The number of Russians who associate Soviet-era secret police with oppression has fallen by half, according to a new poll published by the Levada Center.
Russia’s Justice Ministry labelled the independent Levada Center a “foreign agent” in 2016 after an inspection of the pollster’s documents determined that it was receiving foreign funding and engaging in "political activity." As a result of the ruling, Levada announced it would be withdrawing from election-related polling ahead of the March 2018 presidential elections.
Only 12 percent of Russians said they associated the Cheka Soviet-era secret police force with political terror and the persecution of dissidents, according to the new Levada poll published on Thursday.
Levada said the number had decreased by almost two-fold since 1997 when 23 percent of Russians held the same views.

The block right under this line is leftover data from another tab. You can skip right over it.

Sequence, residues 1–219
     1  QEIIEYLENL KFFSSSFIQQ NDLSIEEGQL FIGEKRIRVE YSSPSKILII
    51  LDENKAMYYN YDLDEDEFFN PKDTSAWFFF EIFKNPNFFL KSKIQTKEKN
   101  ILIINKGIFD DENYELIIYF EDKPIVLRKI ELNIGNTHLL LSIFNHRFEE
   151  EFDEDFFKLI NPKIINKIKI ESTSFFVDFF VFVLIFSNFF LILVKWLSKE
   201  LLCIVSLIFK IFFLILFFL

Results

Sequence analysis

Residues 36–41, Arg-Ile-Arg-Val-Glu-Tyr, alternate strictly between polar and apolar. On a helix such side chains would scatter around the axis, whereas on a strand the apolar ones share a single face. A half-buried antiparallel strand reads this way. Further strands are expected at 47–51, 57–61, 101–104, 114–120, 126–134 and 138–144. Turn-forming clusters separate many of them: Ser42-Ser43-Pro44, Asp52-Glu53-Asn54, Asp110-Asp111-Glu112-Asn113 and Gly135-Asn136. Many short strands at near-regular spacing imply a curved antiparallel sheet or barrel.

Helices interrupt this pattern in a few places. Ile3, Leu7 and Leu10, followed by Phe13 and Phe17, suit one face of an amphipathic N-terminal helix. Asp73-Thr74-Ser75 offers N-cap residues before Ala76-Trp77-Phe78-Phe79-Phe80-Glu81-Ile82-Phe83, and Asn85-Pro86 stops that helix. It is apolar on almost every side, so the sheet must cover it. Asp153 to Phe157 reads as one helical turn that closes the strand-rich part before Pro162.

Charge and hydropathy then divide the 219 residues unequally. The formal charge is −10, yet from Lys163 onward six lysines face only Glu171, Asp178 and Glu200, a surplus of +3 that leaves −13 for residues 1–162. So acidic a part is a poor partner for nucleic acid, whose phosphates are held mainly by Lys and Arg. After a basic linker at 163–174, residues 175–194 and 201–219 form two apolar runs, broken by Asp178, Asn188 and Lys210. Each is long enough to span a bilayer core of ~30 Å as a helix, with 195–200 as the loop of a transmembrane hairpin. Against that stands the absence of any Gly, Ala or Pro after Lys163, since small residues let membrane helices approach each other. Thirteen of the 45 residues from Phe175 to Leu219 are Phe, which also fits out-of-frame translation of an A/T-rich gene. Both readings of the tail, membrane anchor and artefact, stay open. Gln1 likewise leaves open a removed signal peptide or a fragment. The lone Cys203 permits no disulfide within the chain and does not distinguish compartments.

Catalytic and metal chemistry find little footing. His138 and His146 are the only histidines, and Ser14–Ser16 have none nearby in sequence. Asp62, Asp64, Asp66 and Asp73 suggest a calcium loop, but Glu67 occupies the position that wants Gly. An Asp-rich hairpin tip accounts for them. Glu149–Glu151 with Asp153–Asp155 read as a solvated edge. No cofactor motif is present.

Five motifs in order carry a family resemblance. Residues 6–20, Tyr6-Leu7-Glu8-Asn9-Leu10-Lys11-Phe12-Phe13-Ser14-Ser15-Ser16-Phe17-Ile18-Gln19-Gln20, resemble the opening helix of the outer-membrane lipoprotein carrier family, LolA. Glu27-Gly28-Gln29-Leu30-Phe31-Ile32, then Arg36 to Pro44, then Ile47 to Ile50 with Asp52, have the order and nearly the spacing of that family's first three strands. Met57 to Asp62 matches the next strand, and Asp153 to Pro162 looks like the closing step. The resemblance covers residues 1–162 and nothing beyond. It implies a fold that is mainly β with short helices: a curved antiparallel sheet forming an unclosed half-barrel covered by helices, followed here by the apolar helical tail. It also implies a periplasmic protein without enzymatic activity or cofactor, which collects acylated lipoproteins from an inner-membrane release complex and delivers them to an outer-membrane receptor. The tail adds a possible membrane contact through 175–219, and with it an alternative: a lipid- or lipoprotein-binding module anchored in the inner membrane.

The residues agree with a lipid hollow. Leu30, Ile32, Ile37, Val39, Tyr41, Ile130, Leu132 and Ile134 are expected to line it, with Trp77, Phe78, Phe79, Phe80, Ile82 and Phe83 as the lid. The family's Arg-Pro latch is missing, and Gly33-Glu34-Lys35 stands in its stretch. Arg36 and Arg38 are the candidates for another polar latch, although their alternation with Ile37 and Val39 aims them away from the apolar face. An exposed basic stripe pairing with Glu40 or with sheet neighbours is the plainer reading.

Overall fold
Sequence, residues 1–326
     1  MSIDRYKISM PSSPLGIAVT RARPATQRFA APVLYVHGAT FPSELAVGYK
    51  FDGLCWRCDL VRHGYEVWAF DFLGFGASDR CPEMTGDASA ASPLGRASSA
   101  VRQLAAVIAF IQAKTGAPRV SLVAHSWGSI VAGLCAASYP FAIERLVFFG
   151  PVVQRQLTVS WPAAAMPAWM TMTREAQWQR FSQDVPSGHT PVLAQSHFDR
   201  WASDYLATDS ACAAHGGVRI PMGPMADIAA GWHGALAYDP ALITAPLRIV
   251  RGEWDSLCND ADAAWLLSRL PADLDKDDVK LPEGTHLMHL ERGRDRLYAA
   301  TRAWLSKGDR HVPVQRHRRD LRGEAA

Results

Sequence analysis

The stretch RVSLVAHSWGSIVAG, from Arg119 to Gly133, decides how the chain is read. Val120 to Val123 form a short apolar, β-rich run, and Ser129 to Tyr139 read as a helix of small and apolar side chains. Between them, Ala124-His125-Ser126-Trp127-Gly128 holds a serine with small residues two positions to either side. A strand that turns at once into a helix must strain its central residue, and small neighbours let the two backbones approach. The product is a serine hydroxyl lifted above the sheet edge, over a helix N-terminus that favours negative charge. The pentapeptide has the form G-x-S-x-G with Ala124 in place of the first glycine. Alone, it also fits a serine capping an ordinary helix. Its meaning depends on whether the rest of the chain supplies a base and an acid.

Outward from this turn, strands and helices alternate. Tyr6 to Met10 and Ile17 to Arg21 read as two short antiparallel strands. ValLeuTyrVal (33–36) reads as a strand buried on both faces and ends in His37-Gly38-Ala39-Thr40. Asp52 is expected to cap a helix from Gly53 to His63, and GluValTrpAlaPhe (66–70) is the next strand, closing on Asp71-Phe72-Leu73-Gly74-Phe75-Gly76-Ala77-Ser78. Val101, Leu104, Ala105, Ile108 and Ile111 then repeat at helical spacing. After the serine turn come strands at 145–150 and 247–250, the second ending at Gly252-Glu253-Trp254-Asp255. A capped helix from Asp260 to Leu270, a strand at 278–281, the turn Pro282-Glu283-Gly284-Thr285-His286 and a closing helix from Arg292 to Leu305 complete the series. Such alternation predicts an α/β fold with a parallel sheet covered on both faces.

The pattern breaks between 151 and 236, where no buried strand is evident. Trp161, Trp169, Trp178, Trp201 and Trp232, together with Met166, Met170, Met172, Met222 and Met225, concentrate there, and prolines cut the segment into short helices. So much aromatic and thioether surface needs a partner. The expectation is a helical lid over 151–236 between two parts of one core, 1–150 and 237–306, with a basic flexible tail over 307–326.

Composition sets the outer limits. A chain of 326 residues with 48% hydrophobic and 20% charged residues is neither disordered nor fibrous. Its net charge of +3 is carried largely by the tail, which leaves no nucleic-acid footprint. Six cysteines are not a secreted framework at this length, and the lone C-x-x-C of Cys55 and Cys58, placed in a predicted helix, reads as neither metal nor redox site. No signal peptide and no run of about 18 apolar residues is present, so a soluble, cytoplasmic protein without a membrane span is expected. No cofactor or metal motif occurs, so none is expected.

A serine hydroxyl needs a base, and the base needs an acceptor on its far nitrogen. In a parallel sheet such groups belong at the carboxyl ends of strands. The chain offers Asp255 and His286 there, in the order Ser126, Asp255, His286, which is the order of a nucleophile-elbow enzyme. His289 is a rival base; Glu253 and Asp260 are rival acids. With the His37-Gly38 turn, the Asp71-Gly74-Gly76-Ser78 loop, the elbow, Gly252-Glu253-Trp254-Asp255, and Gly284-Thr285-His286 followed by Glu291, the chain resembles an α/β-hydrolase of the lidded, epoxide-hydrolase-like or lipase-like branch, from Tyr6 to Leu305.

Meanwhile, the number of Russians who associate the KGB secret police with “defending national interests and state secrets” has nearly doubled, from 22 percent in 2000 to 41 percent this year.
Sociologist Denis Volkov told the RBC business portal that Russians’ attitudes toward the Soviet secret police may have improved due to the "increasing legitimacy of state and law-enforcement agencies" following the 2014 referendum in Crimea and the war in Syria.
He also attributed the change to the absence of criticism of intelligence agencies in state TV programming and the positive portrayals of secret agents in movies and television shows.
The Levada Center poll was conducted among 1,600 people in 48 Russian regions on Jan. 19-23.